Tuesday, 3 November 2009

VCH Chamber Series / Spectrum: Cage + 5 / Review

VCH Chamber Series: Evening Potpourri
Victoria Concert Hall
Sunday (1 November 2009, 5 pm)
Spectrum: Cage + 5
Esplanade Recital Studio
Sunday (1 November 2009, 7.30 pm)

This review was published in The Straits Times on 3 November 2009.

Contemporary music appears to be winning over a growing audience, judging by the encouraging attendances at the weekend’s chamber concerts. If not, some consolation may be had that the hip image cultivated by the conductors, allied with strong musical values, seems to be drawing them in.

Darrell Ang (left), the epitome of new cool, helmed the Singapore Symphony Orchestra’s chamber concert which was three-quarters modern. First, a J.S.Bach flute sonata, featuring Roberto Alvarez’s silvery tone, soothed the palate. Then the variegated textures of Benjamin Britten’s early Sinfonietta (Op.1) and Singaporean Kelly Tang’s atonal Wind Serenade took over.

The Britten was precocious with its use of bitty themes, developing into three varied movements contrasting strings and winds to marvelous effect, while the Tang was a model of concision and economy. Both paved the way for Aaron Copland’s popular ballet Appalachian Spring, written for Martha Graham, in its original version for 13 instruments. Ang’s quiet authority presided over a performance that mixed atmospheric slow moods with dances bursting with energy. It seemed a pity there were no dancers on stage.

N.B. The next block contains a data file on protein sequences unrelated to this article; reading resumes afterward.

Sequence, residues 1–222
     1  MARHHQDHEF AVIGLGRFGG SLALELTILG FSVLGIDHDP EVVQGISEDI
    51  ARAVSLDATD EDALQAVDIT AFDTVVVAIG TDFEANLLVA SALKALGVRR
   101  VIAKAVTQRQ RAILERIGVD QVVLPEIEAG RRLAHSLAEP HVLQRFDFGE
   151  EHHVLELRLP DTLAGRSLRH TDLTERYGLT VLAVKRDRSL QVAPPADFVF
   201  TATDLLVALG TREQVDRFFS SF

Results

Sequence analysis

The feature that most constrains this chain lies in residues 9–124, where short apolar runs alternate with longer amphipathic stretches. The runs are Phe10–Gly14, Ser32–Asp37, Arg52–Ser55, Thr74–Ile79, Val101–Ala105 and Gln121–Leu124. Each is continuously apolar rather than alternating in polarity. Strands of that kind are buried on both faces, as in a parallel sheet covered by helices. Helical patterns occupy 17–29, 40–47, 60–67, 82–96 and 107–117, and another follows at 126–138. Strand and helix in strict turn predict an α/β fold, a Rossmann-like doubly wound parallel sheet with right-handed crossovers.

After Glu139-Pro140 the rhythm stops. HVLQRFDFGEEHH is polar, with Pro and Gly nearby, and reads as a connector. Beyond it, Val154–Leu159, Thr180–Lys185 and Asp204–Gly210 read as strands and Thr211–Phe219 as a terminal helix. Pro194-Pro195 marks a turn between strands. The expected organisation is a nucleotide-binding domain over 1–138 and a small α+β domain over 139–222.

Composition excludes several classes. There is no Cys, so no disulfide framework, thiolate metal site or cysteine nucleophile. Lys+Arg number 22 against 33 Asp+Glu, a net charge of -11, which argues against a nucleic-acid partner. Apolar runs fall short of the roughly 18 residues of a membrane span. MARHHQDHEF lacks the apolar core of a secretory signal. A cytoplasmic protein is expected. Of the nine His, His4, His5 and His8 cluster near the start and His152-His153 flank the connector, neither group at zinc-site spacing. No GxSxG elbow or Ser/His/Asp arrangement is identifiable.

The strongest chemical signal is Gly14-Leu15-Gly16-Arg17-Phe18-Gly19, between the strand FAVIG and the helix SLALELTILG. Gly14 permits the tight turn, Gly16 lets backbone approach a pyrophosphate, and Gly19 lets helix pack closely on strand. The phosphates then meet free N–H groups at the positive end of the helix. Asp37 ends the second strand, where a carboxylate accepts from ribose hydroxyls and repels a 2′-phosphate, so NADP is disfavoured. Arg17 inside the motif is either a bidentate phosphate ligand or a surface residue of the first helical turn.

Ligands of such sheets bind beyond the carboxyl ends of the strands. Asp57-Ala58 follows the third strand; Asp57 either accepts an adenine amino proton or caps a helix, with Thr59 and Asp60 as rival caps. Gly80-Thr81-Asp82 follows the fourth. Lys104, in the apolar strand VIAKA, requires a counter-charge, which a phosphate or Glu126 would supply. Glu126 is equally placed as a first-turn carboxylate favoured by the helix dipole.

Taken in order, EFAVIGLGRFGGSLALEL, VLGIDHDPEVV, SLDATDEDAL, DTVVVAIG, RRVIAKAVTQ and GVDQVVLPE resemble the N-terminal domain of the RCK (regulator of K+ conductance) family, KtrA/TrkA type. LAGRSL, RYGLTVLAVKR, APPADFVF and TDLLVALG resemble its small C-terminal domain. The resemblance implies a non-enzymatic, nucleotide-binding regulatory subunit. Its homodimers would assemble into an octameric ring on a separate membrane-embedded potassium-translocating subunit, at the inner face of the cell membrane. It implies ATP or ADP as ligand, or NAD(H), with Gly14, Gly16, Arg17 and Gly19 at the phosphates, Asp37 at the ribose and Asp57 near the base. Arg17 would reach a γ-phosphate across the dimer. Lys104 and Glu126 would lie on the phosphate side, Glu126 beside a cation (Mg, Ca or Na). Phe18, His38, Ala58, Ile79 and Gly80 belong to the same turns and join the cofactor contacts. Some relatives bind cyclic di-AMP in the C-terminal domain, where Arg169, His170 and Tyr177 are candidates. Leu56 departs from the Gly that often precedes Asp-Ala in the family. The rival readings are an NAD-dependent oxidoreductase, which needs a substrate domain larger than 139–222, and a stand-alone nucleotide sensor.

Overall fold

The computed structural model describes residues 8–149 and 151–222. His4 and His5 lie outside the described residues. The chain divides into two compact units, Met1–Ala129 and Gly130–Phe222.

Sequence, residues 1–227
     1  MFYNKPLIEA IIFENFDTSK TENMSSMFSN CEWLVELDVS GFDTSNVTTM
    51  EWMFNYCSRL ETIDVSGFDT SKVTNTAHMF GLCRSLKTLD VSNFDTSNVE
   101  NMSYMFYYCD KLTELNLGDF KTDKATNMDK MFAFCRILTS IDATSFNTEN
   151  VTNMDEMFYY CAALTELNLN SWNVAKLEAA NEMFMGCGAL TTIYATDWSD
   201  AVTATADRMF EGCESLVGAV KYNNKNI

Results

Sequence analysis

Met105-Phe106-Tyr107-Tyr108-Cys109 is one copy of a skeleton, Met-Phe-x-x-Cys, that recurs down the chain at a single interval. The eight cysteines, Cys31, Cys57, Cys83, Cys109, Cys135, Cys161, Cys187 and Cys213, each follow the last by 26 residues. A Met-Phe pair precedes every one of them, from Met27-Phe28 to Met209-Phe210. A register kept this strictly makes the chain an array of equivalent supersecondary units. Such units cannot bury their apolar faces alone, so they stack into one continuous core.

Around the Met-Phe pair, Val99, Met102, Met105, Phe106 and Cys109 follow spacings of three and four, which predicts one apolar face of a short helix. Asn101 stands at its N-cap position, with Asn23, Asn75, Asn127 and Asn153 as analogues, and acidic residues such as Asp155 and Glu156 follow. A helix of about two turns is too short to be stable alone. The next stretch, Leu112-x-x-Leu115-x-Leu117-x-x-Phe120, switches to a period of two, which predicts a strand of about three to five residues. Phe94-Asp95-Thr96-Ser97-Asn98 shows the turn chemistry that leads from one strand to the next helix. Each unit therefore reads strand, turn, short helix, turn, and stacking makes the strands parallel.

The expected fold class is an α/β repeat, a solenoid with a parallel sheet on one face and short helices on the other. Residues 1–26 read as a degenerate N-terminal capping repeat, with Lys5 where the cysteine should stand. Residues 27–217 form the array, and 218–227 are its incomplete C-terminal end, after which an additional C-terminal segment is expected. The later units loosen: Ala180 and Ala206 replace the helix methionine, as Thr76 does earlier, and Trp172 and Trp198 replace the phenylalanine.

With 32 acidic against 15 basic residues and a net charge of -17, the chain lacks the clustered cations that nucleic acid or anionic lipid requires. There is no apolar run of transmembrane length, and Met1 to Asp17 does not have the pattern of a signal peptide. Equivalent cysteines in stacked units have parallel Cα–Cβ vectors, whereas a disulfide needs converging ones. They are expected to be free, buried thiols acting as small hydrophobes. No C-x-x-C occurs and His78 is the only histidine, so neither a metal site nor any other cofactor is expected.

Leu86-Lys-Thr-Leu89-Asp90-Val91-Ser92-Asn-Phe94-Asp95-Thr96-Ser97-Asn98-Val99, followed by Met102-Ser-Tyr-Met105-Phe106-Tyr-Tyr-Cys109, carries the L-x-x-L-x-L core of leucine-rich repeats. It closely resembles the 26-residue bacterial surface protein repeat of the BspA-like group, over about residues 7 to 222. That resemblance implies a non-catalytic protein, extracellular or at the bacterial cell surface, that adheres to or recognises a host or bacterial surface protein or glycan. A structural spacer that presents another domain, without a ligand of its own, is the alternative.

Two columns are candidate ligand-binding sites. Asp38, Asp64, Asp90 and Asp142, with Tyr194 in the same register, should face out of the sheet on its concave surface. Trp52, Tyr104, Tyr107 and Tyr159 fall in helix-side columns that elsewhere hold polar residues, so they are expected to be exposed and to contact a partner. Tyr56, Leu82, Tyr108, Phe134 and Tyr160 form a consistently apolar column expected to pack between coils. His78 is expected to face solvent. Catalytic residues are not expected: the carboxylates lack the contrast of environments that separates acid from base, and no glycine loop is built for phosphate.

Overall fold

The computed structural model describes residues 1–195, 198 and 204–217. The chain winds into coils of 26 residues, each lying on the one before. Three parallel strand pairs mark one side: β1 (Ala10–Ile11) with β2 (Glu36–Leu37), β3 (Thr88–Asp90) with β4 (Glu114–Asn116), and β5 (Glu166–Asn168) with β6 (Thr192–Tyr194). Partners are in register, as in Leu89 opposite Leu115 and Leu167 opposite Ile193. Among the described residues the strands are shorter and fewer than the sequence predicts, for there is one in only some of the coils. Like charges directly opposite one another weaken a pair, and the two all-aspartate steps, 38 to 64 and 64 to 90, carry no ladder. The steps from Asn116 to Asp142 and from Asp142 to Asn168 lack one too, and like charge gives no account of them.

The choreography at the Esplanade was provided by Kawai Shiu (left), the pony-tail sporting composer-conductor who directed the Yong Siew Toh Conservatory New Music Ensemble. His wide-ranging arm movements and gestures resembled some martial arts meister in pugilistic combat as the group mastered a series of treacherously thorny scores.

Again, a wealth of nuance, shade and rhythm defined the diverse music of Isang Yun (Korea), Wu Na (China), Douglas Knehans, Michael Torke (both USA) and Shiu (Hong Kong) himself. Some 32 years separated Yun’s Piece Concertante and Wu’s Culture’s Gift, but were united by a sense of nostalgia for their native cultures. The two Americans had a gift of pulse and kinetic impetus that propelled their music onward, while Shiu’s Three Seasons traversed from violence to an uneasy calm.

Instrumental virtuosity was at a premium throughout and if people needed convincing about the power of new music, that was provided in spades. The iconic John Cage’s Five Squared, performed by just five musicians, opened and closed the concert like some ceremonial ritual. That both identical performances sounded different seemed an uncanny illusion. The magic and chemistry about music is that over the 80 minutes or so, one’s mind had been irreversibly transformed.

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